John Echeverria uses the new automatic voting machine at a polling station in Strafford, Vermont, U.S., on Tuesday, March 1, 2016. On Super Tuesday, more delegates will be awarded than on any other day of the presidential race. About half of the delegates needed for a Republican candidate to win the nomination are at stake, plus about a third for Democrats. Photographer: Ian Thomas Jansen-Lonnquist/Bloomberg via Getty Images
ARLINGTON, VA - MARCH 01: Poll workers verify voters' photo indentification cards before they are allowed to cast a ballot inside the Arlington County Fire Station 10 during Super Tuesday voting March 1, 2016 in Arlington, Virginia. Officials are expecting a record turnout of voters in Virginia, one of a dozen states holding presidential primaries or caucuses. (Photo by Chip Somodevilla/Getty Images)
I Voted stickers rest on a voting machine at a polling station in Strafford, Vermont, U.S., on Tuesday, March 1, 2016. On Super Tuesday, more delegates will be awarded than on any other day of the presidential race. About half of the delegates needed for a Republican candidate to win the nomination are at stake, plus about a third for Democrats. Photographer: Ian Thomas Jansen-Lonnquist/Bloomberg via Getty Images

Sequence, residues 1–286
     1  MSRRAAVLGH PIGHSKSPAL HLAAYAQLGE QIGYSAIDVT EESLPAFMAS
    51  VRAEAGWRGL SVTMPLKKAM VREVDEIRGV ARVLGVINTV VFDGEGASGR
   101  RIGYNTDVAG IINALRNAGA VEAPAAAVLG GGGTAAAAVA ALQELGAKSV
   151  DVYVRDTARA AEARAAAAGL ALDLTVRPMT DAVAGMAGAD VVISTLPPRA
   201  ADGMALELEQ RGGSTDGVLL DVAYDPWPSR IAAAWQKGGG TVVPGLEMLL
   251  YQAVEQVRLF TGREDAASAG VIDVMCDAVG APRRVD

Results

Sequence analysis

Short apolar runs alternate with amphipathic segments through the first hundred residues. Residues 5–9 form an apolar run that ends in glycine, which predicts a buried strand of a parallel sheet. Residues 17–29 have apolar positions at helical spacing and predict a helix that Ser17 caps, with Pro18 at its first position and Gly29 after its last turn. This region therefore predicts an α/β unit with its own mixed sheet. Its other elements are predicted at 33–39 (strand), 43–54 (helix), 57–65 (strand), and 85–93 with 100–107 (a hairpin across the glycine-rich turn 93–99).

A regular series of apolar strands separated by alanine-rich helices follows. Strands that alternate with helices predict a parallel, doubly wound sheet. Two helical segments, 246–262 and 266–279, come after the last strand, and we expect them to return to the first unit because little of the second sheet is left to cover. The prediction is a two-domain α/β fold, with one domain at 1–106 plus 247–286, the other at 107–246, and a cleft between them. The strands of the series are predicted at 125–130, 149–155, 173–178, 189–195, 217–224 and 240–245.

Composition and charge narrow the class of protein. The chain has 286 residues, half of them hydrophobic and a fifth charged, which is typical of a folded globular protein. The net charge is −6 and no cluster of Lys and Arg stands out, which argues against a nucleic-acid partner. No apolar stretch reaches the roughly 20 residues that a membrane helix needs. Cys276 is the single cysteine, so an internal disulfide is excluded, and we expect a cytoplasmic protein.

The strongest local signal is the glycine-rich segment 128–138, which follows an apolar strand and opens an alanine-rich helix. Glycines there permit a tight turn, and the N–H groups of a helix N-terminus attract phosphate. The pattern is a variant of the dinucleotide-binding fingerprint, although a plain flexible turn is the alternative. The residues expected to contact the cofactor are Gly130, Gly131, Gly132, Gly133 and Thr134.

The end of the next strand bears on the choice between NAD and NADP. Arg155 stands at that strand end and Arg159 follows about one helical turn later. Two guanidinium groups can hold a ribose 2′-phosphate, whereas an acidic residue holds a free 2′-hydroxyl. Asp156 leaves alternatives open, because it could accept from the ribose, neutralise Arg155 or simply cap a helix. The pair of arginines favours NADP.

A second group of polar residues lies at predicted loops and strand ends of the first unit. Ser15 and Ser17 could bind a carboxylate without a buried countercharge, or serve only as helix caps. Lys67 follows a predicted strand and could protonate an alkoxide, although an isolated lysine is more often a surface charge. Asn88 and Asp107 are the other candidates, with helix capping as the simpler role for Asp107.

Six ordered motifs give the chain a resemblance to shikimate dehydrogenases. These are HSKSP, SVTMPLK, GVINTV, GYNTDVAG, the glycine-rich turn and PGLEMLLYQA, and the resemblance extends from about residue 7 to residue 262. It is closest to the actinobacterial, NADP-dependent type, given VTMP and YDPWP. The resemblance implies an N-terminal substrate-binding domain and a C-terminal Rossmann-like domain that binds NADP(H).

MONTAGUE, MA - MARCH 01: Poll workers use a manual, crank operated, ballot box to collect ballots on March 01, 2016 in Montague, MA. Officials are expecting a record turnout of voters in Massachusetts, one of a dozen states holding Super Tuesday presidential primaries or caucuses. (Photo by Matthew Cavanaugh/Getty Images)
Voters stand in line to await voting at the McGee Community Center on March 1, 2016 in Conway, Arkansas. Americans began voting in the crucial Super Tuesday primaries and caucuses in what is deemed the most critical day in the presidential nominating process. The first state to open its polling stations was Virginia at 6:00 am (1100 GMT). / AFP / Michael B. Thomas (Photo credit should read MICHAEL B. THOMAS/AFP/Getty Images)